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  Archived Story
Virtual assistants look to raise real-world profile
   

By TYLER CHRISTENSEN of the Missoulian

They have their own associations, training organizations, chambers of commerce - even their own international day of recognition.

Yet few understand what a virtual assistant is or does.

Lorri Morin, for one, is out to change that. Morin is a new virtual assistant in Missoula, and she is among the thousands of like-employed workers worldwide who are celebrating the second annual International Virtual Assistant's Day on Friday.

Virtual assistants, or VAs, make up a relatively new and rapidly growing field, Morin said. They are essentially contractors who use the latest in communication technology to assist executives, small-business owners and other entrepreneurs - wherever they might be.

While it's hard to peg the exact number of virtual assistants (estimates range from 5,000 to 20,000), there is little doubt the field has grown since it was created 11 years ago. Stacy Brice, founder and president of the first formal training organization for virtual assistants, said her group has trained nearly 1,000 VAs and currently counts 600 active members.

“We're growing by about 30 percent a year,” Brice said via telephone from Maryland, where AssistU is based.

Virtual assisting is now an international industry, with VAs working not just in the United States, but also in Australia, Canada, England and India, said Sharon Williams, chairwoman of the Alliance for Virtual Businesses and president of 24-Hour Secretary.

“It's a worldwide phenomenon,” she said. “It's the wave of the future.”

The occupation got its start in the mid-'90s, when Internet advances made it possible for many business owners and managers to run their ventures remotely. At the same time, Williams added, a lot of companies were downsizing, and many administrative assistants feared for their jobs. They began looking for ways to put their skills to use while going into business for themselves.

The field came together slowly at first and then surged in 2000, aided partly by new technology that made cross-country communication easier than ever and by an increasing focus on work/life balance, Williams said. The majority of virtual assistants, she continued, are skilled women who want to work - but who don't want to sacrifice their family lives to do so.

“I think a large number of us are mothers who wanted to be able to spend more time with children, who wanted more flexibility with our time,” said Missoula's Morin, who worked as an administrative and executive assistant in various capacities for more than 20 years before deciding to strike out on her own with Virtual Synergy in early 2005.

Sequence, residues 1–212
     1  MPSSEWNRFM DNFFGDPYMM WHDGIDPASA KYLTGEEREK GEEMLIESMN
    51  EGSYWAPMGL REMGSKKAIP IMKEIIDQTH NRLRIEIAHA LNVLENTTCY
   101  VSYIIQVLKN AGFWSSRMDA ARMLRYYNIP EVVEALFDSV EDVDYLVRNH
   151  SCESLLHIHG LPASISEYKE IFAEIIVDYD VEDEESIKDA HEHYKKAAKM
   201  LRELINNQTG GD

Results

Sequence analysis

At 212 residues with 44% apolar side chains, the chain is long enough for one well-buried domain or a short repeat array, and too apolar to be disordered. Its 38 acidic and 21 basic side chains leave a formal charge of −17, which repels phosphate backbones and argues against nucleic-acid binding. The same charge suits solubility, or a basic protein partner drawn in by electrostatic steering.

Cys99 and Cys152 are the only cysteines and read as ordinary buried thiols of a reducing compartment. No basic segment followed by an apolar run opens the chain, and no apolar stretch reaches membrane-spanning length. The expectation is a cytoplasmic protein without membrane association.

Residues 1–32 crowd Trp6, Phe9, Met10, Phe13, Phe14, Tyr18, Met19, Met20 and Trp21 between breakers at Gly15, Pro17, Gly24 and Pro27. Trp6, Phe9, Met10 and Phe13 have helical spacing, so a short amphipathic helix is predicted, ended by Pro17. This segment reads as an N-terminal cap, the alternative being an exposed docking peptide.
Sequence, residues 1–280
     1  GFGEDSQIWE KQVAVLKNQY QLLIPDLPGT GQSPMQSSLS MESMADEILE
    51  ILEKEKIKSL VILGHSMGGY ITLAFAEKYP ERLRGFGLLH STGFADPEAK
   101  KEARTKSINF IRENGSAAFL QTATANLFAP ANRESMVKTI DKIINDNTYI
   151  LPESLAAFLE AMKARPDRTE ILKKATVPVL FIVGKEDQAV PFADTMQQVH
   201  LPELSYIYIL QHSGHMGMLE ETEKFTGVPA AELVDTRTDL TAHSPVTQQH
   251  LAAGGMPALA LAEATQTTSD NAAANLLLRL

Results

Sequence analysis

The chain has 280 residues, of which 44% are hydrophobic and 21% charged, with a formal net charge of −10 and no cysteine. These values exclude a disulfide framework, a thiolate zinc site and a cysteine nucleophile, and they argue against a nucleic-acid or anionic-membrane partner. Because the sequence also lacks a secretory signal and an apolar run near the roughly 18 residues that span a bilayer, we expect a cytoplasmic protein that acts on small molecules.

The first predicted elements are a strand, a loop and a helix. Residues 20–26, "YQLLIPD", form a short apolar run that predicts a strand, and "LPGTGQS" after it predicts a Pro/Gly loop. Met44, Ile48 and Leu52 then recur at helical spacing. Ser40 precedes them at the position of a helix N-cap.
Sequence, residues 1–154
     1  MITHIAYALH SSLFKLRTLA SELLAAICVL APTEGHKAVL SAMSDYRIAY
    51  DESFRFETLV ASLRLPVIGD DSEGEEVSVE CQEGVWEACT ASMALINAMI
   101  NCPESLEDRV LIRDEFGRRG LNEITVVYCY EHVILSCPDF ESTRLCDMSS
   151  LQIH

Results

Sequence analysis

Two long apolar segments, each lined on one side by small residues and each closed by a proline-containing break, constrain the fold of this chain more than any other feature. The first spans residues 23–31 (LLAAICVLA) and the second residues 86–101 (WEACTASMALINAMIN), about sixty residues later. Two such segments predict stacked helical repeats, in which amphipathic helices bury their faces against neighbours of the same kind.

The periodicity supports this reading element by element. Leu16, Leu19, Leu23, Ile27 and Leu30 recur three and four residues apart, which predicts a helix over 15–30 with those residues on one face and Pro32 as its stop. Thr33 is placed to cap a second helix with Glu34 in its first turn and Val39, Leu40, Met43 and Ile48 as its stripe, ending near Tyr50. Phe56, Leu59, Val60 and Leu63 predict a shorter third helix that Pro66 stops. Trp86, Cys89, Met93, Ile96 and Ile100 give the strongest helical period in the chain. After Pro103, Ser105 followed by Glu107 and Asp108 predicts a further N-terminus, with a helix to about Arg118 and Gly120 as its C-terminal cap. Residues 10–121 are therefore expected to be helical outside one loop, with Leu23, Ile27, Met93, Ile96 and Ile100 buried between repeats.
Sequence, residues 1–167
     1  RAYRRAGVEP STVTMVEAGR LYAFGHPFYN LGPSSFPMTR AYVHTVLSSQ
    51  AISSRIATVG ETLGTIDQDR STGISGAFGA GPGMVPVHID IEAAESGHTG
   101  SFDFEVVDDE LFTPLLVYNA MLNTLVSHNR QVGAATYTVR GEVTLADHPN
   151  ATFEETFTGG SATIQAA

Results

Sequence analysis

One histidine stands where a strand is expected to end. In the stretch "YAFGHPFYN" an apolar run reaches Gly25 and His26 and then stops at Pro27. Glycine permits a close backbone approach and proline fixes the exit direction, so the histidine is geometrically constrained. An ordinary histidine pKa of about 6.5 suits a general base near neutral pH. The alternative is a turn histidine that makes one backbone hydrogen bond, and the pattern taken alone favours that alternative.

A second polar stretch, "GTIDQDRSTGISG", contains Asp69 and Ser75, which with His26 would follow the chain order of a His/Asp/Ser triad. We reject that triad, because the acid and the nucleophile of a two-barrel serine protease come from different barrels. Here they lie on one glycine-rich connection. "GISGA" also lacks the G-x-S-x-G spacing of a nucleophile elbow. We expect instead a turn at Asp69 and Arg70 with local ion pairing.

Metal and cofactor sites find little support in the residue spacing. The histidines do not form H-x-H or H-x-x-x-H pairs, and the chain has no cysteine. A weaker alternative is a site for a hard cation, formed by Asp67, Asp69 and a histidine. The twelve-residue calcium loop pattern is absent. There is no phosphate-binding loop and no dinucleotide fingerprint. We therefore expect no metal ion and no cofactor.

“I got to the point where I wanted to be more available to my family, and have more balance myself,” she explained.

While some virtual assistants go into business with just their administrative knowledge, Morin received training and certification through one of AssistU's 20-week intensive programs. She graduated in May 2005, and has been growing her client list gradually in the months since.

“I'm selective about my clients and want to be sure I'm bringing in clients that would be long-term,” she said.

Her clients work in a variety of industries, from book publishing to financial advising.

“I don't work with just one niche,” she said. “I like working with a variety of executives and administrators in different fields.”

Certain people tend to be more likely to need a VA, Williams explained. A lot of small-business owners and entrepreneurs, for example, don't need a full-time assistant.

“Anyone who has a flexible business style themselves, they could easily see the benefits to using a VA,” she said.

Virtual assistants aren't always less costly than an in-office assistant, Morin said, but usually they are because employers don't have to provide benefits and other brick-and-mortar supplies.

Her clients, however, are more interested in convenience than in cost savings. They like the fact that Morin tries to be a one-stop shop for all her clients' needs. If they are looking for a Web designer or a bookkeeper, for instance, she can help them out with that.

“I have a great network of colleagues and contacts, and I'm always looking to meet new people who may become a resource,” she said.

Morin herself handles a number of tasks, from calendar-keeping to customer intake. She also acts as a sounding board for new ideas and delights in helping her clients focus their business strategy.

In fact, there's very little these days that can't be done virtually, she said.

“I've known somebody that actually put all their files in a box and shipped them to a virtual assistant to be sorted into neat little folders and shipped back,” she said, “so the client could just pick up the whole box and drop it in a filing cabinet.”

However, virtual assisting requires near-constant training to keep up with the latest technological advancements, she added. To that end, there are a number of online communities that allow virtual assistants to trade information and stay connected. For the past few years, one of Morin's groups has even organized a virtual Christmas party.

Missoula's economy is expanding and more residents are starting or growing new businesses, Morin noted. She sees western Montana as a place that's ripe with opportunity for entrepreneurs like herself.

From what Williams has seen, she expects the number of virtual assistants worldwide to double within the next five years.

Right now, the most common question Brice hears is “What is a VA?”

“I genuinely believe,” she said, “that in the next five to 10 years that question will change to ‘Who is your VA?' ”

Reporter Tyler Christensen can be reached at 523-5215 or tyler.christensen@lee.net.


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